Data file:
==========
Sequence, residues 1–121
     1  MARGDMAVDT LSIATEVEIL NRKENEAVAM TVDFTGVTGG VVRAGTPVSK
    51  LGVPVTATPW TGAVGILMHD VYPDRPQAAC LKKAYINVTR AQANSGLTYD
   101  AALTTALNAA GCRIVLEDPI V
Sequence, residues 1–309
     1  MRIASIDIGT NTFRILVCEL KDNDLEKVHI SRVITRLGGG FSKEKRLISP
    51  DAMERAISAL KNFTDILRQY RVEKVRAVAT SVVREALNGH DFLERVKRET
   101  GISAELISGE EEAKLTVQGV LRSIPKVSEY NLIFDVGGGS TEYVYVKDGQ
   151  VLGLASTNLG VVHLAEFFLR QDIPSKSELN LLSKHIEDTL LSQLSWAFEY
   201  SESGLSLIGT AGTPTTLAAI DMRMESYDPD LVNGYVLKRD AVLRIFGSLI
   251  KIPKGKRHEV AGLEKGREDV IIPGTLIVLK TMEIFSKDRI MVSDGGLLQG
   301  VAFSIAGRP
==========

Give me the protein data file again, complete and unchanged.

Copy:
Sequence, residues 1–121
     1  MARGDMAVDT LSIATEVEIL NRKENEAVAM TVDFTGVTGG VVRAGTPVSK
    51  LGVPVTATPW TGAVGILMHD VYPDRPQAAC LKKAYINVTR AQANSGLTYD
   101  AALTTALNAA GCRIVLEDPI V
Sequence, residues 1–309
     1  MRIASIDIGT NTFRILVCEL KDNDLEKVHI SRVITRLGGG FSKEKRLISP
    51  DAMERAISAL KNFTDILRQY RVEKVRAVAT SVVREALNGH DFLERVKRET
   101  GISAELISGE EEAKLTVQGV LRSIPKVSEY NLIFDVGGGS TEYVYVKDGQ
   151  VLGLASTNLG VVHLAEFFLR QDIPSKSELN LLSKHIEDTL LSQLSWAFEY
   201  SESGLSLIGT AGTPTTLAAI DMRMESYDPD LVNGYVLKRD AVLRIFGSLI
   251  KIPKGKRHEV AGLEKGREDV IIPGTLIVLK TMEIFSKDRI MVSDGGLLQG
   301  VAFSIAGRP